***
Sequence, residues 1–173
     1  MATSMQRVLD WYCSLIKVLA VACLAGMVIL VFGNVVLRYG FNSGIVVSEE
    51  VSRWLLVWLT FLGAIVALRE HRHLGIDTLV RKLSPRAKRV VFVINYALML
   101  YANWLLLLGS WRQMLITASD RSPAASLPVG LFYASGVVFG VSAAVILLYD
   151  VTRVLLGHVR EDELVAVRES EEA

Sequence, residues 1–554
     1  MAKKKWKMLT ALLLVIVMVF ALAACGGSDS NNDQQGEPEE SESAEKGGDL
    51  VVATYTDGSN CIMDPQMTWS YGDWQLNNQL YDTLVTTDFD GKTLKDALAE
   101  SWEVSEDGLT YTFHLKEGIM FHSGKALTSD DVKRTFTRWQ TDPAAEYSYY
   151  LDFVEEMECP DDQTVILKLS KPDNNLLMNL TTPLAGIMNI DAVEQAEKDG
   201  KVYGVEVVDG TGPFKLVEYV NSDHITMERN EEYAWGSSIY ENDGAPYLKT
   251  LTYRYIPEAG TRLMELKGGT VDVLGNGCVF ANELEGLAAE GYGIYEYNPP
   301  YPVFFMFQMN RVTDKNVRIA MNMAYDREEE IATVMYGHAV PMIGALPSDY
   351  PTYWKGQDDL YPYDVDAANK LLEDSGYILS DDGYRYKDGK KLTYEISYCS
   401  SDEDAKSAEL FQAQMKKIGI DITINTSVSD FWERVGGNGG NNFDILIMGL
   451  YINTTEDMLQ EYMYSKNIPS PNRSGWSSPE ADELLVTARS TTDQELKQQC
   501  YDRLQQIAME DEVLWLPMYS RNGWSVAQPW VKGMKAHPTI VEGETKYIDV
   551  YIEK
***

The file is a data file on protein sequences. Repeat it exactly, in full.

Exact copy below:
Sequence, residues 1–173
     1  MATSMQRVLD WYCSLIKVLA VACLAGMVIL VFGNVVLRYG FNSGIVVSEE
    51  VSRWLLVWLT FLGAIVALRE HRHLGIDTLV RKLSPRAKRV VFVINYALML
   101  YANWLLLLGS WRQMLITASD RSPAASLPVG LFYASGVVFG VSAAVILLYD
   151  VTRVLLGHVR EDELVAVRES EEA

Sequence, residues 1–554
     1  MAKKKWKMLT ALLLVIVMVF ALAACGGSDS NNDQQGEPEE SESAEKGGDL
    51  VVATYTDGSN CIMDPQMTWS YGDWQLNNQL YDTLVTTDFD GKTLKDALAE
   101  SWEVSEDGLT YTFHLKEGIM FHSGKALTSD DVKRTFTRWQ TDPAAEYSYY
   151  LDFVEEMECP DDQTVILKLS KPDNNLLMNL TTPLAGIMNI DAVEQAEKDG
   201  KVYGVEVVDG TGPFKLVEYV NSDHITMERN EEYAWGSSIY ENDGAPYLKT
   251  LTYRYIPEAG TRLMELKGGT VDVLGNGCVF ANELEGLAAE GYGIYEYNPP
   301  YPVFFMFQMN RVTDKNVRIA MNMAYDREEE IATVMYGHAV PMIGALPSDY
   351  PTYWKGQDDL YPYDVDAANK LLEDSGYILS DDGYRYKDGK KLTYEISYCS
   401  SDEDAKSAEL FQAQMKKIGI DITINTSVSD FWERVGGNGG NNFDILIMGL
   451  YINTTEDMLQ EYMYSKNIPS PNRSGWSSPE ADELLVTARS TTDQELKQQC
   501  YDRLQQIAME DEVLWLPMYS RNGWSVAQPW VKGMKAHPTI VEGETKYIDV
   551  YIEK